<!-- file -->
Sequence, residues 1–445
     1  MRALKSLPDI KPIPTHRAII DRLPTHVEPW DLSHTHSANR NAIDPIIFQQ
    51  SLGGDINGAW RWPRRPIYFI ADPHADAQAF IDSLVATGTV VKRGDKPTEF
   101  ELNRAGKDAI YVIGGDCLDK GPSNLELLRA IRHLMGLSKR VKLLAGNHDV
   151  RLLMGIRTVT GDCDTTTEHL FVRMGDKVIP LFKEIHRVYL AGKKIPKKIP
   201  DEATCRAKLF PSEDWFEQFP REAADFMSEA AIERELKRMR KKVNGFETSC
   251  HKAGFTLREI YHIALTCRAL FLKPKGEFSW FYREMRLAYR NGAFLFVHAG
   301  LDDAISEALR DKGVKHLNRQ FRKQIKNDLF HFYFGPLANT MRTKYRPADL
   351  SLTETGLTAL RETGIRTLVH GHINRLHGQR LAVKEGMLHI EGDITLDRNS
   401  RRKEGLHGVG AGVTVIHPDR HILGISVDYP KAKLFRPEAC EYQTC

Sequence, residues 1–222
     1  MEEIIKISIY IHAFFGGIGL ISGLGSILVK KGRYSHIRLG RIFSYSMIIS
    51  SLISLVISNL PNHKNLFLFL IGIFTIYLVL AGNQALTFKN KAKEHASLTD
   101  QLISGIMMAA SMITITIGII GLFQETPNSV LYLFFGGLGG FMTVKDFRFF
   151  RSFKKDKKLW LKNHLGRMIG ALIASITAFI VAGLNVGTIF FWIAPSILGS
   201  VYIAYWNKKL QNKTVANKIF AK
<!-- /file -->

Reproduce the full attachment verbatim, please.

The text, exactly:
Sequence, residues 1–445
     1  MRALKSLPDI KPIPTHRAII DRLPTHVEPW DLSHTHSANR NAIDPIIFQQ
    51  SLGGDINGAW RWPRRPIYFI ADPHADAQAF IDSLVATGTV VKRGDKPTEF
   101  ELNRAGKDAI YVIGGDCLDK GPSNLELLRA IRHLMGLSKR VKLLAGNHDV
   151  RLLMGIRTVT GDCDTTTEHL FVRMGDKVIP LFKEIHRVYL AGKKIPKKIP
   201  DEATCRAKLF PSEDWFEQFP REAADFMSEA AIERELKRMR KKVNGFETSC
   251  HKAGFTLREI YHIALTCRAL FLKPKGEFSW FYREMRLAYR NGAFLFVHAG
   301  LDDAISEALR DKGVKHLNRQ FRKQIKNDLF HFYFGPLANT MRTKYRPADL
   351  SLTETGLTAL RETGIRTLVH GHINRLHGQR LAVKEGMLHI EGDITLDRNS
   401  RRKEGLHGVG AGVTVIHPDR HILGISVDYP KAKLFRPEAC EYQTC

Sequence, residues 1–222
     1  MEEIIKISIY IHAFFGGIGL ISGLGSILVK KGRYSHIRLG RIFSYSMIIS
    51  SLISLVISNL PNHKNLFLFL IGIFTIYLVL AGNQALTFKN KAKEHASLTD
   101  QLISGIMMAA SMITITIGII GLFQETPNSV LYLFFGGLGG FMTVKDFRFF
   151  RSFKKDKKLW LKNHLGRMIG ALIASITAFI VAGLNVGTIF FWIAPSILGS
   201  VYIAYWNKKL QNKTVANKIF AK